Pickup trucks are the hottest selling vehicles in America.
But this month, thousands are being held back from dealers because of a parts shortage.
Consumer reporter John Matarese looks into how this is starting to impact buyers, so you don't waste your money.
So, where are all the new trucks?
That's what a growing number of shoppers are asking after visiting dealerships with fewer and fewer pickups on their lots.
This is what a car dealership normally looks like, stock full of their hottest selling vehicles, pickup trucks.
But as the Wall Street Journal reported, many dealerships now appear with empty spaces where those trucks should be parked.
Instead, Ford is now parking thousands of brand new F-150 pickups at the Kentucky Speedway, as well as in lots in Detroit awaiting computer chips.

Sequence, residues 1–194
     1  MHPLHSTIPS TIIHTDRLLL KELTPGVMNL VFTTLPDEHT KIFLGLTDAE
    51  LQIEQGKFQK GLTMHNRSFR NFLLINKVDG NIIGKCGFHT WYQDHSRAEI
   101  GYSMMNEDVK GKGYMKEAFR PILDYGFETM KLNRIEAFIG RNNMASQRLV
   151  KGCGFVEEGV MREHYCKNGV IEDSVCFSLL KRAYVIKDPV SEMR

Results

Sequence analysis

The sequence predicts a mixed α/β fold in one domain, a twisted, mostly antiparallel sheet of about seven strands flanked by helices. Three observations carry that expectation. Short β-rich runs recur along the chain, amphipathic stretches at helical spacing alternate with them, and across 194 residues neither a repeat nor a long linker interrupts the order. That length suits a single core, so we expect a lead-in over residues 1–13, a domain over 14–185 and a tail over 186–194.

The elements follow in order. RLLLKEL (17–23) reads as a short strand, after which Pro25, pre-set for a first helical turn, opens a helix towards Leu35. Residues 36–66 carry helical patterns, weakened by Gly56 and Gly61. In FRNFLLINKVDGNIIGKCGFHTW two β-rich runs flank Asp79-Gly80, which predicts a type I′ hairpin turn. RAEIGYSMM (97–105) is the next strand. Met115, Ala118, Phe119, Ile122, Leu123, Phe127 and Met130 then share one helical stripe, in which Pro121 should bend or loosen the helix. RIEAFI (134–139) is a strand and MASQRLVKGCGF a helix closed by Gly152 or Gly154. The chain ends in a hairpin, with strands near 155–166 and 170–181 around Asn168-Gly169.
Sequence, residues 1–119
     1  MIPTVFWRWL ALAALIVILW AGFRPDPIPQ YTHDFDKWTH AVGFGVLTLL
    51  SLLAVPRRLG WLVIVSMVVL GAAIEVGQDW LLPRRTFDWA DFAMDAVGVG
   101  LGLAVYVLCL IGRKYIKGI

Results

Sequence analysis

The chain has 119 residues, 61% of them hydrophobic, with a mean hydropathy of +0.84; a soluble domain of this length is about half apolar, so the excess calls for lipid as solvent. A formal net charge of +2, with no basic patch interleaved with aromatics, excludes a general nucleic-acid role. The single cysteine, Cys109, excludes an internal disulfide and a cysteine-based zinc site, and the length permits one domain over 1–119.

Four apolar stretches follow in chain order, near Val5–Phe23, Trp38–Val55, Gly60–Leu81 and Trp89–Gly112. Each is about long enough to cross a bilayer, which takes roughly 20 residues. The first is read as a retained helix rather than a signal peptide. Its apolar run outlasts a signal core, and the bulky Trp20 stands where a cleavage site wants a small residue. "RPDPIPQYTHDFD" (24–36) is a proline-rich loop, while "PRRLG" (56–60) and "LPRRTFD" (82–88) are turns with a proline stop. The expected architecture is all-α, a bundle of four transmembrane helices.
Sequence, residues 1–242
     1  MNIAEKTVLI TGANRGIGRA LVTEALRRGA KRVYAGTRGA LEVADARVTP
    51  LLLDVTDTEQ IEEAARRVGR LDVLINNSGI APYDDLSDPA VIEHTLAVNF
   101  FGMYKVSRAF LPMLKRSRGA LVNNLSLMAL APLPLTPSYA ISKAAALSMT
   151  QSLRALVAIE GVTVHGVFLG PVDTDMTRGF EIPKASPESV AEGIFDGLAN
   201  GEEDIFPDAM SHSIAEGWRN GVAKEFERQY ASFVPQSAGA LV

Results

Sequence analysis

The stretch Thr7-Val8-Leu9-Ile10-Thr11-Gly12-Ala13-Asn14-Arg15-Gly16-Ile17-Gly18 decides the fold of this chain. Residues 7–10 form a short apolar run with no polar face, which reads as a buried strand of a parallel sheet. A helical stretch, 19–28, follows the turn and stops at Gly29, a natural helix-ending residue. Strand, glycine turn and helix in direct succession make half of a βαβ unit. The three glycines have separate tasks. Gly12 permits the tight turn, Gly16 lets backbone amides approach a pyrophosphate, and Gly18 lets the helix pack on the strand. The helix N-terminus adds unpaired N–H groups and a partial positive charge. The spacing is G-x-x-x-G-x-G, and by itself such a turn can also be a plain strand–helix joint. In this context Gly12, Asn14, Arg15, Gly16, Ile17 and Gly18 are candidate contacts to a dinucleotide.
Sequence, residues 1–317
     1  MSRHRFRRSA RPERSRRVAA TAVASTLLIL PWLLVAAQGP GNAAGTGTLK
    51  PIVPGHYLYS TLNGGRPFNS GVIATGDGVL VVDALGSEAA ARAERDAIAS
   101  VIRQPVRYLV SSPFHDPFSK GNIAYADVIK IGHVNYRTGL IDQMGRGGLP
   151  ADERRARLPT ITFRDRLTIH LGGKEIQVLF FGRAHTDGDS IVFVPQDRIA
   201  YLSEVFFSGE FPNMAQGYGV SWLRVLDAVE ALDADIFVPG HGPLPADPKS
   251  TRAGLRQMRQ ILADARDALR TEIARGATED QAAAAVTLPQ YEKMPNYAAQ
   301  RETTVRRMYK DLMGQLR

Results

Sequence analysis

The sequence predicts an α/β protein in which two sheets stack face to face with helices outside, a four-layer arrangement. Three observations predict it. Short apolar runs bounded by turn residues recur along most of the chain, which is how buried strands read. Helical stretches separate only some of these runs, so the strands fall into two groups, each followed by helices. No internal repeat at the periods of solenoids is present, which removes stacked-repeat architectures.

Consumers Pat and Mike Roeder first spotted them.
"We had seen the trucks coming in last week, and all of a sudden the whole parking lot was full," Roeder said.
The chip shortage is wreaking havoc with what should be a great year for car sales: popular pickups and SUV's are running short as manufacturers struggle to get parts.
The car dealer's association’s advice?
"If you see one and you think you want it, you should grab it, because it may be gone," they say.
And from the doesn't that stink file, why you shouldn't have traded in that old pickup.
The automobile website The Drive says vintage Ford and Chevy pickups from the 70's and 80's that used to sell for $5,000 now are selling for $50,000 or more.
So if you got rid of an old pickup a couple of years ago, you might say that stinks.
The hottest classic car right now is also the hottest new car: pickup trucks.
And they are selling as soon as they hit the lot.
So move fast so you don't waste your money.